Trenton’s First Lunch Wagon

Peter G. Curtin and his pioneering lunch wagon
Born on October 17, 1859, in Brooklyn, N.Y., Peter G. Curtin was the son of a New York City harbor boatman. He obtained his early education in New York and later in Elizabeth, N.J., where he gained employment at the Singer Sewing Machine Company and learned the machinist trade. It was there that he kept a watchful eye on the city’s lunch wagon business and took advantage of an opportunity to take over a lunch wagon while its owner was on vacation, he decided to enter the business himself.

Moving to Trenton he was employed as a tool maker at Warren Kimball and Company, but afterward returned to Singer. Coming again to Trenton he established a restaurant, and noting there was not a lunch wagon to be seen anywhere in the city, he hired the carriage maker Fitzgibbon & Crisp to construct a wagon with which he realized his dream.

As the Trenton Evening Times of November 16, 1933, tells the story: “He hadn’t been in Trenton long when he took stock of the local situation and gave Trenton its first lunch wagon. It stood at State and Broad streets in front of the old City Hall for a quarter of a century, and was liberally patronized, the customers including city officials, county and state politicians, and men prominent in other walks of life.”

Trenton Old and New (Podmore 1927) adds a bit more: “Another familiar landmark which disappeared when Trenton's municipal government moved to its new building on East State Street was Curtin's pioneer lunch wagon which stood on Broad Street in front of the City Hall every night from 1894 to 1911. The original lunch wagon ... was later replaced by a new wagon, just as the original coffee and simple sandwiches gave way to a more elaborate menu. The lunch wagon hours were usually from 9:00 p.m. to 4:30 a.m., one of the busiest periods being when the crowds from the Taylor Opera House stopped by for a snack while awaiting the last trolley home.”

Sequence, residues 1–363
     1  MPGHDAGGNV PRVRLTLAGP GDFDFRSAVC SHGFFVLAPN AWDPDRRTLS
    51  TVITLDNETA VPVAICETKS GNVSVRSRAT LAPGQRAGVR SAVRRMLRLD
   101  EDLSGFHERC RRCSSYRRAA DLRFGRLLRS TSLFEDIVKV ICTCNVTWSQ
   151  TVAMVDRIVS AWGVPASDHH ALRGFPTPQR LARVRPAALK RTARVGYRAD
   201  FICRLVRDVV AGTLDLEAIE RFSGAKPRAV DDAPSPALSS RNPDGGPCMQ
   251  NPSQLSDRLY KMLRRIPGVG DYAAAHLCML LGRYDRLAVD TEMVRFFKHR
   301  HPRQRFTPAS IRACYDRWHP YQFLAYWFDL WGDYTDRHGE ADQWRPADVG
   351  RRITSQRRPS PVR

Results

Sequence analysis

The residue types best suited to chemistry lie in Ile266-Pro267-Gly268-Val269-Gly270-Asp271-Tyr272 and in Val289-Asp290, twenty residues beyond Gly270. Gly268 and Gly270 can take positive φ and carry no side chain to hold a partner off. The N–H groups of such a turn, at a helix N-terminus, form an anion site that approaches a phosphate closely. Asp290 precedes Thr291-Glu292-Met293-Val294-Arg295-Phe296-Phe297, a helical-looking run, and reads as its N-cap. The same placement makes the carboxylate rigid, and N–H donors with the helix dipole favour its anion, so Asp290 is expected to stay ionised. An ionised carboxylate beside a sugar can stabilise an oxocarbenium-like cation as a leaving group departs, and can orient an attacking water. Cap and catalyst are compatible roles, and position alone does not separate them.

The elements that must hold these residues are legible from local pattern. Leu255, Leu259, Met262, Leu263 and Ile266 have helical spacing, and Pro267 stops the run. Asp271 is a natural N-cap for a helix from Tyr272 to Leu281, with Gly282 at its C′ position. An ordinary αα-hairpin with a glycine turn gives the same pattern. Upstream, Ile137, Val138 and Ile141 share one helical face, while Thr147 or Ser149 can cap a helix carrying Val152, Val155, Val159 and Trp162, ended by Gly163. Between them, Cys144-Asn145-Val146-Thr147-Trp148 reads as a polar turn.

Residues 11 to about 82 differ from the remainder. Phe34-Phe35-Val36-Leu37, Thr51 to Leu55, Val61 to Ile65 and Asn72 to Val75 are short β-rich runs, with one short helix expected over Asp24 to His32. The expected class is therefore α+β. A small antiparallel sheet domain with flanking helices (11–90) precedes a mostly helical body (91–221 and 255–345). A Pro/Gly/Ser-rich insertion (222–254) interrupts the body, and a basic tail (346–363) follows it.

Curtin retired to his farm outside the city but soon returned in the employ of the Essex Rubber Company where he was once again a machinist. He suffered a fatal heart attack while at work on November 15, 1933, and was interred in Section K, Lot 240.

The Landing of Columbus, an oil painting by
John Vanderlyn, is displayed in the Capital Rotunda
Architect of the Capitol

There is, however, an interesting sidenote to the story.

The American neoclassical artist John Vanderlyn was commissioned by the U.S. Congress in 1836 to paint a scene of Christopher Columbus landing on the island he named San Salvador on October 12, 1492, and laying claim to all the New World for Spain.

Working in his Paris studio with assistance of a number of other artisans, progress on the painting was slow and meticulous, and included a voyage to San Salvador to envision the scene firsthand. Finally completed, he arrived with the painting in New York in 1846 and it was placed on display in the Rotunda of the U.S. Capitol in 1847.

The Landing of Columbus became one of Vanderlyn’s best-known and enduring works. It was adapted for use on postage stamps in 1869 and 1893 (the latter was released as one of sixteen stamps issued to commemorate the Columbian Exposition in Chicago), currency in 1875, advertisements, and more. Even the decorator of Curtin’s lunch wagon embellished it with a painting of Columbus landing at San Salvador and being served coffee by none other than the white-aproned proprietor himself.

Now take a closer look at Curtin’s pioneering lunch wagon.

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